Sound (7/10; appropriate, but tends to be boring and annoying as ****)
There isn't much music in this game, since it's usually the muzak they always play in large stores (it turns off at night). You'll mostly hear no background noises but the moans of the zombies. Uggh. Even so, there are actually some licensed tracks by real bands played during psychopath fights and the end credits. I've never heard of any of them, but I guess that's pretty cool.
The sound effects are very satisfying: thuds, slaps, splats, gushes, smashes, and so on. Only the gunshots are a bit lackluster, but who cares.
The voices. Oh god, the voices. The acting is generally terrible, but some of it is decent. Thankfully, Frank's voice won't make your ears bleed (unless you have to scream at the survivors so they don't wander off). The other main characters.... not so much. The villain's voice is pretty good, and so is his sister's, but the rest of the cast seriously needs laryngeal cancer. The survivors sound annoying, too. They're a tad inclined to burst into tears when they're surrounded by zombies and scream for help every five seconds. If you have a bunch of them with you and you order them all to a location, they usually bump into each other and scream like they're being hit INCESSANTLY. Oh, and if you have more than 20 survivors in the Security Room, it sounds like a madhouse. WHY ARE THEY ALWAYS CRYING?! WHYYY?!!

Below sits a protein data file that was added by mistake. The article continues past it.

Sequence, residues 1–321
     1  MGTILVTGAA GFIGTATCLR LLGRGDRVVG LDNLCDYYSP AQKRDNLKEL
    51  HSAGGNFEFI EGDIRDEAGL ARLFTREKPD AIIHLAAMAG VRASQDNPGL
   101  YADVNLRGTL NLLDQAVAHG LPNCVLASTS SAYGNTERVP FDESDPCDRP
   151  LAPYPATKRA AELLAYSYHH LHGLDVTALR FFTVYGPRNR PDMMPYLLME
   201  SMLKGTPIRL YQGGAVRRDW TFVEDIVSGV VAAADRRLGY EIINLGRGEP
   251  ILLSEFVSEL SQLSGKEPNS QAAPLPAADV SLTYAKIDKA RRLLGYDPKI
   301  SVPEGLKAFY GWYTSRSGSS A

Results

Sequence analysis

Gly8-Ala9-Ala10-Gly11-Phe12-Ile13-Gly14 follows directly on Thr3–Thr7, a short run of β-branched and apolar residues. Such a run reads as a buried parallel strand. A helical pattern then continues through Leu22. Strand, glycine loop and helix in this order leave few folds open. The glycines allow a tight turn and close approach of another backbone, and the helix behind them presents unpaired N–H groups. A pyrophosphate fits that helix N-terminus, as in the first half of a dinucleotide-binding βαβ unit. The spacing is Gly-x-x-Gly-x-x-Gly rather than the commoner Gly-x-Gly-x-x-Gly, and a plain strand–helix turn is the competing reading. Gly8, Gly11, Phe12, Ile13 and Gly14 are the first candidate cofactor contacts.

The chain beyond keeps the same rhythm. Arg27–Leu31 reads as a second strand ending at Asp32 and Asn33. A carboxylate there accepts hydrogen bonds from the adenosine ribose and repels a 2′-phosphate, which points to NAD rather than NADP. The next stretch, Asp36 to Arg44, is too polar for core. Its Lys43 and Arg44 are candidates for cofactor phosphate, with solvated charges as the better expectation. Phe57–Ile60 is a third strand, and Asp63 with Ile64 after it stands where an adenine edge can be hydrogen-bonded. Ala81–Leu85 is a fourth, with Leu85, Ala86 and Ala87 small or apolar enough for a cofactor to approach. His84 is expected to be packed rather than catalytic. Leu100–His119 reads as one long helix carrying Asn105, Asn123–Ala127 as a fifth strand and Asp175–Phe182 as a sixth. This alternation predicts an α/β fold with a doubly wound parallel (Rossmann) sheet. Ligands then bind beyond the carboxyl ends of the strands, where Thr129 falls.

Graphics (10/10; simply amazing)
Individually, the character models look pretty mundane. Frank's pretty snazzy and detailed, but it's nothing that couldn't be done on the original Xbox. However, the original Xbox couldn't suport hundreds of zombies onscreen with little to no slowdown, could it? Didn't think so. Did I mention that this game has my favorite blood effects of all time? The splatters are perfect. PERFECT. Also, no ragdoll physics here. Thank God. That means we get some decent death animations. XD The game does use Havok, but only for the weapons and objects, which are verrrry plentiful.
Okay, we're done
If you want a better idea of the intro or the saving system or what the weapon selection is like, look in any other review. Seriously. I tried to point out some of the lesser-known features, and I hope it worked out for you.
So! Since this game's so weird, you may want to rent it first to see if you like it. If you do, buy it. It's a classic. The whole experience stays surprisingly fresh since there are so many different ways to get a zombie (and other, unnamed enemies) to stop ticking. The replay value is amazing.
Now grab the nearest object and start braining corpses.
Reviewer's Score: 9/10 | Originally Posted: 01/22/07